The anti-mass migration Alternative for Germany party (AfD) has reached a new record in national polls firmly making them the third largest party in the country.
This surge in support follows the election upset of German Chancellor Angela Merkel’s Christian Democratic Union (CDU) party in Mecklen-Vorpommern, which was pushed into third place by the AfD party led by Frauke Petry (above).
A recent poll conducted by Insa Institute revealed that the AfD, termed the “anti-Merkel party”, has firmly placed itself as the third largest party in the country. Fifteen per cent of Germans now support the populists – a new record for the party which is only three years old, reports Die Welt.
This figure is a 0.5 per cent increase from the week before when the party was neck and neck with the Greens in the polls. Public support for the CDU is continuing its downward trend, having lost several percentage points in the last six weeks alone as Germans across the country have come out against the Chancellor’s migrant policies.
Head of Insa, Hermann Binkert, claimed that the party would not be able to attract the support of more than a fifth of Germans. However, many of the voters for the AfD in last weekend’s election were those who had never voted before, along with former CDU supporters.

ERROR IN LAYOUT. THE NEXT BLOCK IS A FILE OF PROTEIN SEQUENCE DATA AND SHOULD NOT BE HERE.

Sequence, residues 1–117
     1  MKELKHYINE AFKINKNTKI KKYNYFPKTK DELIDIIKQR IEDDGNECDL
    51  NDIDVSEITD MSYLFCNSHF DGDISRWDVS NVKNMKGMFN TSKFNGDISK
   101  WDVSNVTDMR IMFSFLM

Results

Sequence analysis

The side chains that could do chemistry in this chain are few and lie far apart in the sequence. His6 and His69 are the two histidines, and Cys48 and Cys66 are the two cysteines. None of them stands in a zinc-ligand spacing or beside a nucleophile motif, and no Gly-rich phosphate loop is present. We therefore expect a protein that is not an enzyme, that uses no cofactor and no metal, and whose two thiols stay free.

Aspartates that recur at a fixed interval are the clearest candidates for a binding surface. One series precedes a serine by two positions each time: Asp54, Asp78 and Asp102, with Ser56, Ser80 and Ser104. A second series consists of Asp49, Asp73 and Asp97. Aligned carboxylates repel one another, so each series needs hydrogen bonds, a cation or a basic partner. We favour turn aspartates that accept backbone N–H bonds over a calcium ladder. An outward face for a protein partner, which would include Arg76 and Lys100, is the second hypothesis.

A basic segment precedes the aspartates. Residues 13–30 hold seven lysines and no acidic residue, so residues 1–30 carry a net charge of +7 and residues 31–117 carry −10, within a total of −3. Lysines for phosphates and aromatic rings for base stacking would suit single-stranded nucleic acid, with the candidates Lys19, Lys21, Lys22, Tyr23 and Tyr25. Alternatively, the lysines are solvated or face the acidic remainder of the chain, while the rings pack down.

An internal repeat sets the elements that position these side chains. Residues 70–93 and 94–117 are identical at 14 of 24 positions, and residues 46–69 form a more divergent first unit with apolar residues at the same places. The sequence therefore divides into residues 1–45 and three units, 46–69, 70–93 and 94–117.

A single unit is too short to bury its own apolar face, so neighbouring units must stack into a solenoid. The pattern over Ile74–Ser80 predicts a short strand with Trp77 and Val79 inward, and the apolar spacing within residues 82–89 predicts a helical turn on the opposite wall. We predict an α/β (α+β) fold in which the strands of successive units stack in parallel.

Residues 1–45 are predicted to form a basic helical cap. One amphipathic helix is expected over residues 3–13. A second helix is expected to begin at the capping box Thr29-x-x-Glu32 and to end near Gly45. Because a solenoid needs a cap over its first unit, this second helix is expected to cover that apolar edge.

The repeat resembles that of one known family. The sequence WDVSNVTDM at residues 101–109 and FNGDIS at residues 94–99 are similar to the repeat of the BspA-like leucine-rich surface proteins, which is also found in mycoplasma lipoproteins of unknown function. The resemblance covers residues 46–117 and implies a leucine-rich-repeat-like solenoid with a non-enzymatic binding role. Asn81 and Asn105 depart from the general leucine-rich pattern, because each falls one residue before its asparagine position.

Mr. Binkert also claimed that the AfD polling numbers could be a passing trend, predicting that the AfD’s popularity would not increase should the migrant crisis end by the time of the federal election next year.
Jörg Meuthen, federal spokesman for the AfD, was much more optimistic about the numbers, saying that the AfD had finally arrived as a mainstream party that was here to stay and to govern. Highlighting the fact that last year the party had barely 5 per cent of the national vote Mr. Meuthen said, “in one year we have become the people’s party.”
The rise of the AfD in regional elections this year has rocked the establishment of the German political scene, leading to Chancellor Merkel making an impromptu press conference to discuss this weekend’s loss in which she acknowledged her own migrant policies were to blame.
As the popularity of the ruling parties declines due to the migrant crisis, many of Ms. Merkel’s coalition partners have chosen to distance themselves from her, including Vice-Chancellor and Socialist party leader Sigmar Gabriel who criticised Merkel’s “We can do it” sloganeering.
The next test for the AfD will be the regional elections in the German capital later this month where it is expected traditional working class left-wing voters will flock to the party, boosting their vote.